The people of Minchinhampton were thus able to enjoy their streetlights during the winter months, but as was the case in those days, it was not felt necessary to light lamps during the summer. People’s lives were governed by the hours of natural daylight and retired to bed fairly early by today’s standards. A few years later it was noted the lamps were lit “from the 18th September to the 18th April …less six days at the full of each moon during the period, viz. 3 nights before the full, one night of the full and 2 nights after to cease lighting” for which the Gas Company would be paid the rate of £2 per lamp per annum. If the nights near the full moon were cloudy, then the Town was dark!
The Provision of Allotments – 1895
The members of the new elected Minchinhampton Parish Council met for the first time on January 1st 1895. After the election of a Chairman (Rev. Albert Mather who was not an elected member!), and appointing a Clerk (William A. Jones) they moved to the business of providing services for the community.
The first administrative action was a matter mandated by the act that constituted parish councils – the provision of allotments. A committee of seven was set up, consisting of Messrs. J. Harman (farmer), J. Chamberlain (farmer of Box), A.E. Philpott (timber merchant of Brimscombe), T. Blake (timber yard foreman at Dye House Mills), C.C. Baglin (stone-cutter) and J. Hunt (publican of Amberley). These men were to ascertain who required allotments; applicants were to send to the Clerk in writing where they lived and how much land they needed. By 21st January some forty-one acres had been applied for, although there was only one applicant from Amberley. The Hampton Fields applicants said they would probably work in partnership.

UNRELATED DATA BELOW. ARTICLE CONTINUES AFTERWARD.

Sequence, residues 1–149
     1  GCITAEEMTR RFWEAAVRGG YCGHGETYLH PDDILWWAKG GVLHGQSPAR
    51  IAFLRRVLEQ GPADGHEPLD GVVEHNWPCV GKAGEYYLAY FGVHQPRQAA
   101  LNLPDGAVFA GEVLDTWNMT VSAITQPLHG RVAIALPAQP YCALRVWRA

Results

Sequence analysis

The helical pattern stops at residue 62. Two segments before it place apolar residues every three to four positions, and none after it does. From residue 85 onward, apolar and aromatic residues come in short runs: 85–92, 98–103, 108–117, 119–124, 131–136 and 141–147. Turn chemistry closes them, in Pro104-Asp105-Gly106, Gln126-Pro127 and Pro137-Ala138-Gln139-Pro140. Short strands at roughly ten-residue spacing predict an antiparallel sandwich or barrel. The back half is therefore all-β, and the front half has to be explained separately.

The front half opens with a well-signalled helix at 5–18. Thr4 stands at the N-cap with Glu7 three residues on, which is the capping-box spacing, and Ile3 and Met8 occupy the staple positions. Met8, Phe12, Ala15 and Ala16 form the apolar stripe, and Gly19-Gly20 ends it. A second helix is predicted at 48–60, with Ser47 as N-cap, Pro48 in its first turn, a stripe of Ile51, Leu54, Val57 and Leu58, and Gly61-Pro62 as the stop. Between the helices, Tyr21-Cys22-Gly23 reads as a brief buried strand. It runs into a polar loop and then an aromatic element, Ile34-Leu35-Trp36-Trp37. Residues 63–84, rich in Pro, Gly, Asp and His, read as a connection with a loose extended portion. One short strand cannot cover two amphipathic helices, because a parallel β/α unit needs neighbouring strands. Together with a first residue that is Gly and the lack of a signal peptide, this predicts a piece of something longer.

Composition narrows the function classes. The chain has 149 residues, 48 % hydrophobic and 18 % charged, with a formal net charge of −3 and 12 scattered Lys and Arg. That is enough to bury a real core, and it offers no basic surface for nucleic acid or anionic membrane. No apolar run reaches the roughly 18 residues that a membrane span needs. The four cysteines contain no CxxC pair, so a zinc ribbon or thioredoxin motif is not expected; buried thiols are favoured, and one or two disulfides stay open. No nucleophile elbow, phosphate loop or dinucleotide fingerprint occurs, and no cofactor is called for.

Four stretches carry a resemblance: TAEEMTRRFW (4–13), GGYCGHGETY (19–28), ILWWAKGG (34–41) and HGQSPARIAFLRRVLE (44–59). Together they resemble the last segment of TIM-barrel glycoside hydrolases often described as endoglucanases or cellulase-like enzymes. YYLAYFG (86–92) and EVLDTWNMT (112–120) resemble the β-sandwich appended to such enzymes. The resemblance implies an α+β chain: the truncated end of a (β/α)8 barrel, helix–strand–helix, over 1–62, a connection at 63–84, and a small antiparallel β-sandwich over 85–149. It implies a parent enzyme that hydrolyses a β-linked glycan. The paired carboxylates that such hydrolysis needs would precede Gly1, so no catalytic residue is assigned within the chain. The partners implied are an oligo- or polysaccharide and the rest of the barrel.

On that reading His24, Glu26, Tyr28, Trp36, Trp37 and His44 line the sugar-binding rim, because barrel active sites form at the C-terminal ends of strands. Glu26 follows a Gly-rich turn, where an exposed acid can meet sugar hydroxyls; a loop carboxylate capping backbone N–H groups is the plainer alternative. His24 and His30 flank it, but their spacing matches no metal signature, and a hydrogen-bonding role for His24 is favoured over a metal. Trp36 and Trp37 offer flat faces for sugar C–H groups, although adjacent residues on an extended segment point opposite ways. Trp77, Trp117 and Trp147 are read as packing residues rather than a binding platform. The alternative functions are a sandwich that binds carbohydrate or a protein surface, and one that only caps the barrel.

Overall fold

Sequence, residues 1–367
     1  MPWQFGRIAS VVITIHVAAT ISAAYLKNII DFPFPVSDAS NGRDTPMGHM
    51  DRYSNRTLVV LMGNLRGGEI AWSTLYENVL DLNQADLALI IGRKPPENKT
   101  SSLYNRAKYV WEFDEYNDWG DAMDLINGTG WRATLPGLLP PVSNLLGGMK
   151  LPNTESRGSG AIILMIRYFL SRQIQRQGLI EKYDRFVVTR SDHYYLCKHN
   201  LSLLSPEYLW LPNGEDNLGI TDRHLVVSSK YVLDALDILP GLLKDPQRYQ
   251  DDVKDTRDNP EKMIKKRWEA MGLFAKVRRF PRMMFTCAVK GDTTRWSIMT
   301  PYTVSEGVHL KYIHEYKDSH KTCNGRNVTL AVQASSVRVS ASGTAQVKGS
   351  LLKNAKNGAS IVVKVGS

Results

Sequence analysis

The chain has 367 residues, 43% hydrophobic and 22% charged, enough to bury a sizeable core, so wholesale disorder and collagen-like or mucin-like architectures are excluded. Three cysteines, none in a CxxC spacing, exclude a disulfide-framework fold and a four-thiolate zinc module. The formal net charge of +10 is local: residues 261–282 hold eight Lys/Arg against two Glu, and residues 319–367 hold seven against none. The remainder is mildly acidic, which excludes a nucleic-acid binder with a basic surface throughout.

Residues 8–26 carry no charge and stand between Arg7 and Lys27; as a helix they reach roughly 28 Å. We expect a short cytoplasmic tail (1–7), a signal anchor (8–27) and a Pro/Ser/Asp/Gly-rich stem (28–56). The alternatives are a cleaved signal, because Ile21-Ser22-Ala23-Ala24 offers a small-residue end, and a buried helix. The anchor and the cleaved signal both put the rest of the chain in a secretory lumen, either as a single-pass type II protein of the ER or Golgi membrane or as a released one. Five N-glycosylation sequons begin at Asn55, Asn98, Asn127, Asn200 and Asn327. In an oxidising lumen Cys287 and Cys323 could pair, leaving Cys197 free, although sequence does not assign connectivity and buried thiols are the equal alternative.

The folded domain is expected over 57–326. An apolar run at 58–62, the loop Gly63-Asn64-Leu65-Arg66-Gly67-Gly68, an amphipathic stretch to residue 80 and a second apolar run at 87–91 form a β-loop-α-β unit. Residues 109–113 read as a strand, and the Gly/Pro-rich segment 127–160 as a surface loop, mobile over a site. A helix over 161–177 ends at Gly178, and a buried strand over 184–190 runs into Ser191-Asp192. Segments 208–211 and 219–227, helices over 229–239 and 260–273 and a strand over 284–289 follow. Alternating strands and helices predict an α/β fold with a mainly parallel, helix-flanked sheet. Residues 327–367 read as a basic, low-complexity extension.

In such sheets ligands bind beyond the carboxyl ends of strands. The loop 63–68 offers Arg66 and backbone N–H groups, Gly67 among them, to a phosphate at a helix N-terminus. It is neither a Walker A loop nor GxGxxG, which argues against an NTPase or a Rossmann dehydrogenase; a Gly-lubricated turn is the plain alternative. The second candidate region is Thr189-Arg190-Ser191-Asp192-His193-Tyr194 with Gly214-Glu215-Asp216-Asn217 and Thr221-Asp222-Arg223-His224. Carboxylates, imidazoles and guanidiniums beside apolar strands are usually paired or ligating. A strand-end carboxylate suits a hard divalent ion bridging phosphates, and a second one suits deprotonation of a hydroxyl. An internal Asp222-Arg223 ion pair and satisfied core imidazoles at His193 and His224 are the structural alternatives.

Some land had already been laid out for allotments: just over two acres at the Glebe, which would be let to 30 applicants at 7d a perch (less than 3p), and five acres at West End to be let to 2 applicants at 6d a perch (2.½p). Perch was a linear measure of about 5 metres; it appears the plots would be of uniform width, although this is not stated. There was also three acres at Amberley, but it was deemed this was not required, and drops out of the record. A new committee was tasked to find land to make up the shortfall: J. Chamberlain and H. Milford (gentleman) for Box, J. Harman and W.G. Hill (baker of West End) for Hampton Fields and C. Baglin for Burleigh.
On 18th February it was reported that both Mr. A. T. Playne and Mr. H. G. Ricardo had agreed to let land for allotments, but the severe snowy weather prevented the members for inspecting the areas. It was September before the committee recommended accepting Mr. Ricardo’s offer of three acres of land at Park Corner, tenanted by Mr. Harman, at a rental of £19/10/- (£19.50). This would then be let to Burleigh and Walls Quarry ratepayers at 5d (just over 2p) a perch. In total two hundred letting forms were printed and Mr. Moody was appointed collector of rents.
The allotment rents were due each quarter day, but the collectors reduced this to January and June. There were constant references to defaulters in the early years, and a bonus system was introduced to prompt payers. It was a very imperfect system, with some holders working minute plots and others as much as two acres! However, Minchinhampton Parish Council continues to be the provider of allotments to this day.
The Vestry Room